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FBI: Mass shooting is a terror investigation

SAN BERNARDINO, Calif. -- The FBI said Friday that it is officially investigating the mass shooting in California as an act of terrorism, while a federal law enforcement source confirmed to CBS News that the woman who helped her husband carry out the attack had pledged allegiance to the Islamic State of Iraq and Syria's leader online.

San Bernardino couple made bombs from al Qaeda manual

David Bowdich, assistant director of the FBI's Los Angeles office, would not give further details about why the bureau made the determination, saying at a news conference that "there's a number of pieces of evidence that has pushed us off the cliff."

Syed Farook and his wife, Tashfeen Malik, killed 14 people at the holiday party for his co-workers. The Muslim couple died hours later in a fierce gunbattle with police.

The source confirmed to CBS News that Malik pledged her allegiance to ISIS leader Abu Bakr al-Baghdadi in an online posting, CBS News senior investigative producer Pat Milton reports.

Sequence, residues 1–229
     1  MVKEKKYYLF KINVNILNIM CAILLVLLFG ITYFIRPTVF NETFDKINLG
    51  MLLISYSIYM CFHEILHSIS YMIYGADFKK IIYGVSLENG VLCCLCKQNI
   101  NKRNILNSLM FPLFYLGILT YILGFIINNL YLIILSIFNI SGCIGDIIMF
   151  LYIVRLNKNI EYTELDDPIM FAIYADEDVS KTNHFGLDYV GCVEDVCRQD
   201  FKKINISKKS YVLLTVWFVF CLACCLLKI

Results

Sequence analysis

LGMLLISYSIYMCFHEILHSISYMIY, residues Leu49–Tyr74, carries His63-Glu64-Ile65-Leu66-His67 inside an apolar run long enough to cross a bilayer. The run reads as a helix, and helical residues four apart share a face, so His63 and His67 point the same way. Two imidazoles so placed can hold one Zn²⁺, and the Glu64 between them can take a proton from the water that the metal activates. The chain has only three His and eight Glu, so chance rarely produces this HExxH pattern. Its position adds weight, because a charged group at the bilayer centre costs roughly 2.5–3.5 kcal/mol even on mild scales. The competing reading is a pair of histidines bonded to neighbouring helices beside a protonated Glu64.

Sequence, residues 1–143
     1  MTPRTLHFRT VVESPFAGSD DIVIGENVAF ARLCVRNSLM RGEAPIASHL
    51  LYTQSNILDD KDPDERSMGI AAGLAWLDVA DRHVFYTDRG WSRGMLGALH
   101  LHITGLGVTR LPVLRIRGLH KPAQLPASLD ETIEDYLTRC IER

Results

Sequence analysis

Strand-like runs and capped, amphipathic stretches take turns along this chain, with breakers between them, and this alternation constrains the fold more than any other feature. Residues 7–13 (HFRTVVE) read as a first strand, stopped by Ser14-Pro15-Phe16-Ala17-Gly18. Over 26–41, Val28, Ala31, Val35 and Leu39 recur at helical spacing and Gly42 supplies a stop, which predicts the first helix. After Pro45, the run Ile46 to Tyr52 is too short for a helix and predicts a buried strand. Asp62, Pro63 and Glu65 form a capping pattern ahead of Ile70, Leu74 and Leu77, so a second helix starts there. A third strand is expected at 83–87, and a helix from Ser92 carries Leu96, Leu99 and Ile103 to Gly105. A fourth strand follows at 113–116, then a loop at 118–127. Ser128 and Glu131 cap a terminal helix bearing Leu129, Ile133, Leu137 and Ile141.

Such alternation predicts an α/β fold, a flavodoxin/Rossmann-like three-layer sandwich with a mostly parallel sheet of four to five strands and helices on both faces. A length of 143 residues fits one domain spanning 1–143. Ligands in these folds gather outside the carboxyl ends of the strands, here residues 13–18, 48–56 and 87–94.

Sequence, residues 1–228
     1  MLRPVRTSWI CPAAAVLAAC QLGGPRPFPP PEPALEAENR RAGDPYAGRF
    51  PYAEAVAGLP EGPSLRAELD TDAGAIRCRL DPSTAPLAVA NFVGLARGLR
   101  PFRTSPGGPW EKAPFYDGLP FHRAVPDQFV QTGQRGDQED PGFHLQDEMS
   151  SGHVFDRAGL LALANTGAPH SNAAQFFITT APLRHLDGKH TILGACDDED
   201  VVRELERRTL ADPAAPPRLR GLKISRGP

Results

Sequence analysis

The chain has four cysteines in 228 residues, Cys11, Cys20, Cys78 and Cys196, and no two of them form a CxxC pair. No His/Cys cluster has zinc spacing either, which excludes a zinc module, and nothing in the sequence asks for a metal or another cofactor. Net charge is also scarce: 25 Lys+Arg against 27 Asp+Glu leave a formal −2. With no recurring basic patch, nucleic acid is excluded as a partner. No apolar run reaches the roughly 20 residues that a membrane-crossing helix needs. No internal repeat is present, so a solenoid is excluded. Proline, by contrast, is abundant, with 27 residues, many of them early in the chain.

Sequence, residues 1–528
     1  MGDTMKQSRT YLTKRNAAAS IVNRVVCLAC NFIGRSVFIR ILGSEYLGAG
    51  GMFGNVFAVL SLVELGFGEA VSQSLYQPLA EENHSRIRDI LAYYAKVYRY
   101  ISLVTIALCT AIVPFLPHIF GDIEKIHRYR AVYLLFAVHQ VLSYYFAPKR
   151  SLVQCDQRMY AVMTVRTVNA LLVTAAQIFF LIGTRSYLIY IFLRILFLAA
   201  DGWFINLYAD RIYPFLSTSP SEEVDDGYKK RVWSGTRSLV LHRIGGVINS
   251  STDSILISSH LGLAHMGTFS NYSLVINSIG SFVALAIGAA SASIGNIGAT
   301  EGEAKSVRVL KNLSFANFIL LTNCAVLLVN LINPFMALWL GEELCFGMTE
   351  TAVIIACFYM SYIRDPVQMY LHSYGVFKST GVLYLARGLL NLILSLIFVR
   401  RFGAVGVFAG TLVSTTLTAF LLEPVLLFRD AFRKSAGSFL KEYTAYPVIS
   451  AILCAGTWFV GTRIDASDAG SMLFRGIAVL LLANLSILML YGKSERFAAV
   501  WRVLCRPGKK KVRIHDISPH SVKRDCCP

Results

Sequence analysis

A law enforcement source told CBS News that Malik's posting was under a fake name, Milton reports. The source said the pledge does not mean the attack was ordered or directed by ISIS.

A Facebook official says Malik praised ISIS' leader in a post at 11 a.m. Wednesday, when the couple were believed to have stormed a San Bernardino social service center and opened fire.

A Facebook spokesperson confirmed to CBS News it "identified and removed the profile for violating our community standards."

"We don't allow people to praise acts of terror or promote terrorism," the spokesperson said. "We also work aggressively to ensure that we do not have terrorists or terror groups using the site."

Facebook is cooperating with law enforcement, according to the spokesperson.